Spectator on facebook

Spectator on facebook

Smer wants parliament to amend Slovakia's constitution, PM is opposed

Opposition party Smer wants the Slovak Constitution to be changed so that it recognises the individual but not collective rights of national minorities. "European legislation does not recognise collective rights, but this concept is incorporated in the new Hungarian constitution," said Smer vice-chairman Marek Maďarič on Wednesday, April 27, after a meeting of the shadow cabinet, as quoted by the SITA newswire.

Opposition party Smer wants the Slovak Constitution to be changed so that it recognises the individual but not collective rights of national minorities. "European legislation does not recognise collective rights, but this concept is incorporated in the new Hungarian constitution," said Smer vice-chairman Marek Maďarič on Wednesday, April 27, after a meeting of the shadow cabinet, as quoted by the SITA newswire.

Maďarič expressed disappointment over how the Slovak government is acting in relation to Hungary. He opined that if a neighbouring country is heading towards what he called an authoritarian regime, the government should shout and warn aloud about what is happening.

The exact wording of the proposed amendment to the constitution has not been released yet. Maďarič said that it is now being fine-tuned and will be delivered to parliament by Friday, April 29, so that MPs can discuss it at their next session starting on May 17. A change to the constitution requires a three-fifths majority, which means that Smer would have to persuade coalition MPs to support the change. Smer will also resubmit an amendment to the law on national citizenship.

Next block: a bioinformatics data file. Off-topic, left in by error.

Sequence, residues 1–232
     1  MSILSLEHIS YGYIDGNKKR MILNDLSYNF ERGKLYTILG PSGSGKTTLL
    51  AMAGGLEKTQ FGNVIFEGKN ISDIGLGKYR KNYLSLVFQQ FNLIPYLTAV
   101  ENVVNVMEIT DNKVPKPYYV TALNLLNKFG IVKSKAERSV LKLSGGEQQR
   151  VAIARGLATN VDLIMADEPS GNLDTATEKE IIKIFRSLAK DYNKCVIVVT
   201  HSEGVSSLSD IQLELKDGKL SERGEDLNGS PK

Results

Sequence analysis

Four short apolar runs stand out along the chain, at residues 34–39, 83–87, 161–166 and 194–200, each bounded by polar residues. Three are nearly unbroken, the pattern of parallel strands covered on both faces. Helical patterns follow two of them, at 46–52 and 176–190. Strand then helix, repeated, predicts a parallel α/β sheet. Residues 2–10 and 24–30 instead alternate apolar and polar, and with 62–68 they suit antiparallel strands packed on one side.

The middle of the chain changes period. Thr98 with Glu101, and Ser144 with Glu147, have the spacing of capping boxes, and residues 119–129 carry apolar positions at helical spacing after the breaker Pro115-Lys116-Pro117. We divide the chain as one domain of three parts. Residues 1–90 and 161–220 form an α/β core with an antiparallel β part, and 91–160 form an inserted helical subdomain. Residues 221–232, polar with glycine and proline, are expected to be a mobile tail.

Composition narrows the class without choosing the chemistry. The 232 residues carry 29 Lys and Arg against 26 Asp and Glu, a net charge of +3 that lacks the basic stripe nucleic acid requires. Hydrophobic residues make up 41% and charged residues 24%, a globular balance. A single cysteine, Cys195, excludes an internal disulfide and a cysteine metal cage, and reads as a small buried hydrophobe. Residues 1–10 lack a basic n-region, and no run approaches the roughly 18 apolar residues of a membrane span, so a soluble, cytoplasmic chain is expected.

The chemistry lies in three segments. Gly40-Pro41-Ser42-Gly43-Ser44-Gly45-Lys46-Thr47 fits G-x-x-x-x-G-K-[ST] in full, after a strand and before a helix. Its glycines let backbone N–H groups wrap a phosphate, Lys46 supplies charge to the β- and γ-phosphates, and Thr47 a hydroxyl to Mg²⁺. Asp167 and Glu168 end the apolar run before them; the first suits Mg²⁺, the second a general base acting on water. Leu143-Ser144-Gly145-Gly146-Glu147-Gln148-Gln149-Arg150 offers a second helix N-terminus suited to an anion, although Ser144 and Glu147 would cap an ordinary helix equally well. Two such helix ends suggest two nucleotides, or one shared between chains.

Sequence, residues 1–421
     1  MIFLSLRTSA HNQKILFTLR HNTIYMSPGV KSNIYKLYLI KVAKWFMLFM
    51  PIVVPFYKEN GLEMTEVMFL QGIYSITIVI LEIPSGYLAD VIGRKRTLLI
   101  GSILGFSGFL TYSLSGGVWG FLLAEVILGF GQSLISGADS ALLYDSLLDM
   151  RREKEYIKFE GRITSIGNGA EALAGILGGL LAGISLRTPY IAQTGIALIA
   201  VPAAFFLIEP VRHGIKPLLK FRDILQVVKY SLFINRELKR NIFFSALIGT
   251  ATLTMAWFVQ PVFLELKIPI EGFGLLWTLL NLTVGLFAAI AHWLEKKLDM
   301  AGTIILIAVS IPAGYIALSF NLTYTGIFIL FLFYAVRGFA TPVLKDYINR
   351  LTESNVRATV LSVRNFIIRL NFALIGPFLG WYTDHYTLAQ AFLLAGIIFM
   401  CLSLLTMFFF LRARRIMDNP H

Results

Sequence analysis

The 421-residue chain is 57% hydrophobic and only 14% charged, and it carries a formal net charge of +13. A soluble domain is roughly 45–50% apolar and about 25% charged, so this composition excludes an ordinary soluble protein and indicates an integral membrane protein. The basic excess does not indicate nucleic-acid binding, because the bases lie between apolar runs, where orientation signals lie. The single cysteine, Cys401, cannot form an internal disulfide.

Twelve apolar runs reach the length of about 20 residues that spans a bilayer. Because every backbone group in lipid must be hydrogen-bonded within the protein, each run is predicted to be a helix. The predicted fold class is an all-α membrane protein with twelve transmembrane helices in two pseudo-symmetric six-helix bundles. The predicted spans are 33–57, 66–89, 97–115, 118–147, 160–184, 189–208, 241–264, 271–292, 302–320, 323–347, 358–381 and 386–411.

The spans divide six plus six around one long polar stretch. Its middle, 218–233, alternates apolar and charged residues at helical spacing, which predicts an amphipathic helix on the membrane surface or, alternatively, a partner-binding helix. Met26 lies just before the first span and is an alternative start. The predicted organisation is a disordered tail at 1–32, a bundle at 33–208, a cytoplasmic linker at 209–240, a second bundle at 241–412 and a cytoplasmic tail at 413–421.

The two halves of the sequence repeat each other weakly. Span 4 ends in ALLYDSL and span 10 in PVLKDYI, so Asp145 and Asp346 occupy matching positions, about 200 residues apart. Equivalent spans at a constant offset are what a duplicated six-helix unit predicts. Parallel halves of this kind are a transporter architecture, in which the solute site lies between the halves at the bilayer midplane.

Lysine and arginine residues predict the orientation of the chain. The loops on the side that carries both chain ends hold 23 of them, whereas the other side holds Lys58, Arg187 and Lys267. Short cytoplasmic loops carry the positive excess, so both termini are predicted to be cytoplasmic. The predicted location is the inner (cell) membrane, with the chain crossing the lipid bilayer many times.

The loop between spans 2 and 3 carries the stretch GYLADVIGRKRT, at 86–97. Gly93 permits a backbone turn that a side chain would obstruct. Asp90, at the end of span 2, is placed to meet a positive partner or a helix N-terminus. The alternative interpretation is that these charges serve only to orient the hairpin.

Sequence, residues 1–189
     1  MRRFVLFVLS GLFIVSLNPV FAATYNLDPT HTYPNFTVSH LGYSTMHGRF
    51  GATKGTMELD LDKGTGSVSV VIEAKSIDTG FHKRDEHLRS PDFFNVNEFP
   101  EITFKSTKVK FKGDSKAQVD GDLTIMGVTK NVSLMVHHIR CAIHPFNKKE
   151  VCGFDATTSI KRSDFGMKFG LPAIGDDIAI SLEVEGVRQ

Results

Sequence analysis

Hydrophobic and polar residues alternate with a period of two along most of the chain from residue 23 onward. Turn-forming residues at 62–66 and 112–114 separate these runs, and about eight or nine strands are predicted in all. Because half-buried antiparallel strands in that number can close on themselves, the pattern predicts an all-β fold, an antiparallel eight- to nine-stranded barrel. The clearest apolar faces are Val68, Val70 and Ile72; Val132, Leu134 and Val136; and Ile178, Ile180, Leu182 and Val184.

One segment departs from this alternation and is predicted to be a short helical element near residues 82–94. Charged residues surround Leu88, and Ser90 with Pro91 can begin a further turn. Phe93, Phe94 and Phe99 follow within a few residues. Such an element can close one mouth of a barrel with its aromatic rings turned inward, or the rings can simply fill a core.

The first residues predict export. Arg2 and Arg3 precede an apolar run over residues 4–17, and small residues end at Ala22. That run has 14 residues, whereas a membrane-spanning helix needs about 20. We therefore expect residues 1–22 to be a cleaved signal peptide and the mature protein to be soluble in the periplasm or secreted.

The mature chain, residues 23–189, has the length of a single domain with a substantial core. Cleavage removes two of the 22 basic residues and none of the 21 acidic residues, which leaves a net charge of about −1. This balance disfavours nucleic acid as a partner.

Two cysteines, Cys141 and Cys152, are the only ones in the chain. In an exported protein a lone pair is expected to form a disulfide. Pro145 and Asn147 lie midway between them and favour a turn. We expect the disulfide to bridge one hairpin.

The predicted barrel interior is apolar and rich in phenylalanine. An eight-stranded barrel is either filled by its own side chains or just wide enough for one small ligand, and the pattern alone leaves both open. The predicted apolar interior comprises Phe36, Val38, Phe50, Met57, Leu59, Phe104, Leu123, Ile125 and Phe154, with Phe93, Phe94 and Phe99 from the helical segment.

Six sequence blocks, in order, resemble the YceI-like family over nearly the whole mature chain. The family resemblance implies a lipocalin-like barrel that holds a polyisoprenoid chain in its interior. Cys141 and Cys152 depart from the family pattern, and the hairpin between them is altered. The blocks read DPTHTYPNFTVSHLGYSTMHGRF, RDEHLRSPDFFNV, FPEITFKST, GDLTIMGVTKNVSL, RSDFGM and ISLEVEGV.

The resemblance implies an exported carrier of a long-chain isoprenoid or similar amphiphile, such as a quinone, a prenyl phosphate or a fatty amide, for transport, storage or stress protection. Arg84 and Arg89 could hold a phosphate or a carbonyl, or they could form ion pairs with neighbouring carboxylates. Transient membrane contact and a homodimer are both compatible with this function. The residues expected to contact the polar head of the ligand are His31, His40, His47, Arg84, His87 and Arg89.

Prime Minister Iveta Radičová (Slovak Democratic and Christian Union (SDKÚ)) said she does not think that Slovakia should amend its constitution. "To change the constitution of Slovakia because of the changes to the constitution in Hungary is a sign of weakness. I don't think that when a leaf moves in Hungary, we have to change the fundamental law," Radičová said on Wednesday. She also denied claims by Smer leader Robert Fico that she had promised Hungarian Prime Minister Viktor Orbán that she would not criticise Hungary’s new constitution in public.

Source: SITA

Compiled by Zuzana Vilikovská from press reports
The Slovak Spectator cannot vouch for the accuracy of the information presented in its Flash News postings.

The processing of personal data is subject to our Privacy Policy and the Cookie Policy. Before submitting your e-mail address, please make sure to acquaint yourself with these documents.

Top stories

Heavy rains flood the Tatras Video

People had to be evacuated and several hiking routes had to be closed.

Stará Lesná

Trump plays with the world like a spoiled child

The White House is now broadcasting its most spectacular soap opera, beating and overcoming those of sundry leaders from different continents and different times.

Donald Trump

Last Week in Slovakia: People marched for LGBTI rights in Bratislava Audio

Listen to all the headlines from The Slovak Spectator's news podcast.

Rainbow Pride in Bratislava

Government has no plans to officially commemorate the victims of the 1968 invasion of Czechoslovakia

Presidents of the Slovak and Czech Republics will take a train ride to mark the founding of the Czechoslovak State.

Law Faculty of Comenius University in Šafárikovo Square, where the civilian killings by foreign armies on August 21, 1968, were most concentrated.